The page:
Volume Beta is so good, it actually coaxed me back into playing the game. In addition to the unassuming piano plinks of Volume Alpha, Beta delves into new emotional territory with lush, swelling strings and dark synth textures. The melodramatic track “Aria Math,” for example, which is used in the game’s Creative Mode, may come across as a bit too serious for the action on the screen, but is a thing of beauty on its own.
As an elicitor of emotion, the soundtrack’s single greatest triumph is a 15-minute track called “The End,” the aural backdrop for the eponymous final area of the game, where the player fights the Ender Dragon. Built on a thrumming, propeller-like drone, the evolving soundscape becomes an ocean in which other familiar Minecraft themes can be heard drowning. It builds at a glacial pace over the course of several minutes, eventually coming to a pulsing crisis point that seems to evoke equal parts urgency and crushing loneliness – highly appropriate for the apocalyptic floating continent for which the track is named, yet a wild exaggeration of Minecraft’s tinker-toy gameplay.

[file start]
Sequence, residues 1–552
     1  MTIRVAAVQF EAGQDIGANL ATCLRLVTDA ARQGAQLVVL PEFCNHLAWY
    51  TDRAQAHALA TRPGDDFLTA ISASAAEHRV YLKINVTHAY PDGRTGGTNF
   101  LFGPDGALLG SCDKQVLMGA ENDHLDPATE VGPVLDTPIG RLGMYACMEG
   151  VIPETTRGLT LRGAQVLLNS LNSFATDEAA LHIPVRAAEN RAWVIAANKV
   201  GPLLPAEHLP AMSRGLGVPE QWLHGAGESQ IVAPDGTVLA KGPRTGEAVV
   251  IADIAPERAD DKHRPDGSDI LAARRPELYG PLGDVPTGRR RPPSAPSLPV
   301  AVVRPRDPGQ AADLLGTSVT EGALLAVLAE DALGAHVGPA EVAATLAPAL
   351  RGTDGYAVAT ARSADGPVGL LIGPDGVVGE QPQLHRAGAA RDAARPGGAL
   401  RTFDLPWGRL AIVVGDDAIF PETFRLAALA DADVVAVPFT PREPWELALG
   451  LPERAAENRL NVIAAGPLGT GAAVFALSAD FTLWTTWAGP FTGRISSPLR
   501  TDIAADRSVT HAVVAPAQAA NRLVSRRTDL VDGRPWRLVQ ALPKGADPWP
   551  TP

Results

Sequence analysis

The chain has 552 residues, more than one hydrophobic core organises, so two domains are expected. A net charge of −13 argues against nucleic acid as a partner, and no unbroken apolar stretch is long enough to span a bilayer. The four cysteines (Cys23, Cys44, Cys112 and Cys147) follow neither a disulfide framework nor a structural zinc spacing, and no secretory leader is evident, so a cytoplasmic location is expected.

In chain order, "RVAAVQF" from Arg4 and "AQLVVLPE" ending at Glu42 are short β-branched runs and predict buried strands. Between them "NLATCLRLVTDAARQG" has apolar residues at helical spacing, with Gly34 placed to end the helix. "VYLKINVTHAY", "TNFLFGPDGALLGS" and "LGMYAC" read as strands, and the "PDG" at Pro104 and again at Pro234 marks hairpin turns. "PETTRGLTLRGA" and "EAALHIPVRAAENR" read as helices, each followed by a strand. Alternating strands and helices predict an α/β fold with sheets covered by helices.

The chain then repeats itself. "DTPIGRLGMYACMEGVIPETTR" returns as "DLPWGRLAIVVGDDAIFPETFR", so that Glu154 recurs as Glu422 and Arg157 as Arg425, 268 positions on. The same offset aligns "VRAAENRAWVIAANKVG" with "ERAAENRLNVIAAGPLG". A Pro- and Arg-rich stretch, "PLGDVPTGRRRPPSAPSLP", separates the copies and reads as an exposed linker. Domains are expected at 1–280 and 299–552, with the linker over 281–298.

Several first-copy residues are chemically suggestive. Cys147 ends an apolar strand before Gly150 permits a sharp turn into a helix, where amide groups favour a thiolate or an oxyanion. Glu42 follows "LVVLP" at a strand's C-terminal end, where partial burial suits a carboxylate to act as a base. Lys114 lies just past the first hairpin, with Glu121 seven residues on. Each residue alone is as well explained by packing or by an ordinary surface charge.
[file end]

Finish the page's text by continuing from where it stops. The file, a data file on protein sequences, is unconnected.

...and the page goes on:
One more Koshiro soundtrack this month. My favorite FM synth musician scored the entire trilogy of Streets of Rage games (Bare Knuckle in Japan) with a distinct techno/hip hop vibe – the perfect soundtrack to the circus of fisticuffs that constituted each game in the series. As raging as the title would have us believe the streets are, they sound pretty chill to me.
The original SOR has the trilogy's most iconic tracks, although SOR2 and 3 would reach new technical heights as Koshiro's expertise with the hardware improved. Shuffling R&B beats that bring to mind late-80s-early-90s radio hits like Bobby Brown's "Every Little Step" and Dino's "I Like It" give Streets of Rage just enough cheese and more than enough style. This game also has one of the best "stage clear" jingles around.